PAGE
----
A workable performance-related pay scheme should also be introduced at a time when there is money available, she says. "Again, the evidence from companies is that if you try to introduce it at a time when you are cutting back financially, the thing is a disaster."
The number of heads and deputies moving up the pay spine this year will not be known until the review body completes its annual pay survey later this term.
But the boycott of the new arrangements, means many heads and deputies will not receive a salary increase this year - even if their jobs become more difficult for some reason.
To avoid that happening, the National Association of Head Teachers is telling its members to look at their role in delivering the school development plan and agree targets based on that.
The union shares SHA's concerns about performance-related pay and is worried about the growing number of different kinds of targets that schools are now expected to set themselves. But senior assistant secretary Kerry George predicts that governing bodies who did not bother "practising" for the new pay regime last year - in many cases because their heads or deputies were due to take early retirement - will now be looking at the issue for the first time.
If she is right, many schools that can afford to give their heads and deputies a pay rise will spend this term target setting - retrospectively. Elsewhere, it will be business as usual.
HOW THE SYSTEM CAN WORK
With two highly-experienced personnel managers on its governing body, the School of St David St Katharine in the London borough of Haringey has found it easier than most to set up a performance management system.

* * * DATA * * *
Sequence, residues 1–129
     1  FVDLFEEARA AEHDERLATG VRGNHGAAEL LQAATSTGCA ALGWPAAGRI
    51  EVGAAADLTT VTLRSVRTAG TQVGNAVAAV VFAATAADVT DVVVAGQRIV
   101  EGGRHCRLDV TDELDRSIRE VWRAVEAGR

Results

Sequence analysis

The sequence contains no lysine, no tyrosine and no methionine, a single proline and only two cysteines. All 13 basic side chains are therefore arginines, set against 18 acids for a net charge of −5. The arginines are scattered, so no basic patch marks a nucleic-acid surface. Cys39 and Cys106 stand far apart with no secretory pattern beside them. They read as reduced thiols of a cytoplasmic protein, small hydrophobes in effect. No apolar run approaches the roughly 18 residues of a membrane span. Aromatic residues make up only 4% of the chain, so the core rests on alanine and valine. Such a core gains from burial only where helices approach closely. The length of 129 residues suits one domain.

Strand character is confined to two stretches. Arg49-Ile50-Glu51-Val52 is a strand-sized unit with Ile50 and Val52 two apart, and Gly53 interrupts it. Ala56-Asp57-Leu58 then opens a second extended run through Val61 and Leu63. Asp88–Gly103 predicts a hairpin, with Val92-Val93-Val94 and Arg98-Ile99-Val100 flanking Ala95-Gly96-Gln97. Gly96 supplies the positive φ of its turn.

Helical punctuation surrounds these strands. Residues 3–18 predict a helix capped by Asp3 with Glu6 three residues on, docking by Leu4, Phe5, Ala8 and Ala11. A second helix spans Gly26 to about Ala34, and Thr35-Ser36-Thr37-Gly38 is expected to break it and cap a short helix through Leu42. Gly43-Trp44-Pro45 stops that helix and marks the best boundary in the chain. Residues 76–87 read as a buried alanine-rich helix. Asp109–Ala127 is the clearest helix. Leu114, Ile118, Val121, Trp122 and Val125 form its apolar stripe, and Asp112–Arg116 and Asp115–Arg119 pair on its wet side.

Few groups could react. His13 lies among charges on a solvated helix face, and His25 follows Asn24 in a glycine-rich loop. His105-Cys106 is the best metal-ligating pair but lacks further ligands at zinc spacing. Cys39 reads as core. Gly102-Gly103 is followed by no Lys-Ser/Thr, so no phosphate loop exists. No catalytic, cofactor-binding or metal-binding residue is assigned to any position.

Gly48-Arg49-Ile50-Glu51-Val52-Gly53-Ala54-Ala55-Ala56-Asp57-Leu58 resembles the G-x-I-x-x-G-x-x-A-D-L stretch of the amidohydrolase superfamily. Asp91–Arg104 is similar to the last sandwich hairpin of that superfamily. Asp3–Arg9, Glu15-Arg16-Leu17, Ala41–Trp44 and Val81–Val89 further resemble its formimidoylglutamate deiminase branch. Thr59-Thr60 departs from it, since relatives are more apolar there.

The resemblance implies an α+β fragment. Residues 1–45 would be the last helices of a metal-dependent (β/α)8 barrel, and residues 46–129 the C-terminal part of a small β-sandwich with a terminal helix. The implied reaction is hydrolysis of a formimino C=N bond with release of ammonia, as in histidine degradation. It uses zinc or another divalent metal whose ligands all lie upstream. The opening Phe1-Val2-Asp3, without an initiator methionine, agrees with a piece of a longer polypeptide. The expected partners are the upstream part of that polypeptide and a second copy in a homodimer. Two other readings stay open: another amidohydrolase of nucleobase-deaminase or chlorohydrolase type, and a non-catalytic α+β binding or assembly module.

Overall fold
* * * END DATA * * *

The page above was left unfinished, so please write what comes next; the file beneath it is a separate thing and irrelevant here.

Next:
Chair of governors Martyn Sloman says the process of agreeing targets with headteacher Terry Farrell gave him, the chair of the governing body's staffing committee and Mr Farrell, the chance to discuss where the school was going - and the problems it faced in getting there. They were then able to identify the areas that the head needed to concentrate on, including its reputation in the community and the restructuring of its senior management team.
But while describing this dialogue as constructive, Mr Sloman, who is head of management development in a large City firm, is critical of the way headteachers' pay has been linked to the achievement of performance targets. He compares it to the formula-driven approach that has recently led to a number of high-profile business managers receiving hefty bonuses, even though their companies' performance was clearly disastrous.
"We have to get away from a Neanderthal approach to performance management which does not reflect the importance of dialogue and the changing nature of any work situation."
At St David St Katharine, a voluntary-aided comprehensive, the unexpected departure of two deputy heads and a serious accident at the school meant the head could not simply work towards targets agreed last September.
But even when things do go according to plan, a review of performance against objectives should not be the sole means of determining an individual's pay, says Martyn Sloman.
"We have had to take other things into account, particularly relativities in the borough because I would not want our headteacher to get seriously out of line with the heads of other equivalent schools in Haringey," he says.
Terry Farrell found the target-setting exercise useful but thought it depended upon the good relationship between the head and governing body.
"I could see it causing a lot of problems if the head and chair were at loggerheads or if governors tried to use targets as a way of interfering with day-to-day management."